Sigh….I know! I know! It’s confusing. Every other week, a new diet approach. Keto. Vegan. Paleo. Here we go again. Bottom line is, there is no one diet fits all and part of what I do for you is give you the most up to date research available. Intermittent fasting is a new buzz phrase going around the internet health circles and to my surprise, there is no shortage of research surrounding this method of meal planning. It has definitely sparked curiosity amongst the science and health communities, particularly about its effects on obesity, insulin resistance, sleep cycles, and fat metabolism.
First, what exactly does intermittent fasting mean? Well, it’s what it sounds like….most commonly it involves a period of 2 days per week, every week, of no food whatsoever. However, some alternate days of fasting where every other day they eat and drink what they want and the opposite days they consume zero calories. And then there are some methods that specify time periods of each day where food is allowed and food is not. Usually you are allowed calorie-free fluids, but that’s it. The theory is that our body needs a “break” from food on a regular basis to produce health benefits. But what does the research actually say? These are the questions I’m going to attempt to answer.
1. Does it help with weight loss? This is really the million dollar question in my mind. I preach not to go more than 5-6 hours without eating because, after all, it actually slows your metabolism down and our bodies are designed to hoard calories when we don’t eat. Think of your body as if it were a car: food to the body is like gas is to a car. Without it, the body has no energy to move, which means the body is like a car that has run out of gas, parked on the side of the road….no fuel, nothing to burn. I’ve worked with so many clients who did not start losing weight until they started eating more often. Most drastic example I can think of is a woman who weighed more than 500 pounds and consumed only one meal per day that probably totaled to about 800 calories. She could not, for anything, lose weight. A month later, after eating double the calories, three meals a day with some snacks in between, she LOST weight. But that’s just my story, let’s look at some scientific studies.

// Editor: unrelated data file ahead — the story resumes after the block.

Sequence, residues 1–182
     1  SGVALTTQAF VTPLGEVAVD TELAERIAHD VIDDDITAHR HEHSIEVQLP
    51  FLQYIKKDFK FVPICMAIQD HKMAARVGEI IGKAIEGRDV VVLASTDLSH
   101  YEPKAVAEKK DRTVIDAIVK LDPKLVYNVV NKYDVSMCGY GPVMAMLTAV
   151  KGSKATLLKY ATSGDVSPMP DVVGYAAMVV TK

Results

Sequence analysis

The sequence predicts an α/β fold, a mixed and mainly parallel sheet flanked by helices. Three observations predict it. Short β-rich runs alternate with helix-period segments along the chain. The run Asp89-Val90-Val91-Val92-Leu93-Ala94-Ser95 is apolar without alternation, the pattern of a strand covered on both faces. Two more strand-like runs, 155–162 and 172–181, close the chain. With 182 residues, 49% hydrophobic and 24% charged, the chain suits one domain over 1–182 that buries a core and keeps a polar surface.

In this small study of sixteen non-obese individuals, they lost an average of 2.5% of their starting weight after twenty-two days, so just three weeks, of alternate day fasting. However, they were HUNGRY. And that hunger never subsided. Do you think they kept at it after the study? A 5’5″ woman is technically overweight, but not obese, at 165 pounds….so if you lost four pounds in three weeks and you were starving, would you keep it at? Or find another diet, like the keto diet that is known to reduce hunger? It should be noted however that fat oxidation was increased during the study period, which means they were losing mostly fat mass and not muscle mass, this is a really good thing considering you want to keep your muscle mass when losing weight. These people did not maintain their losses, regrettably.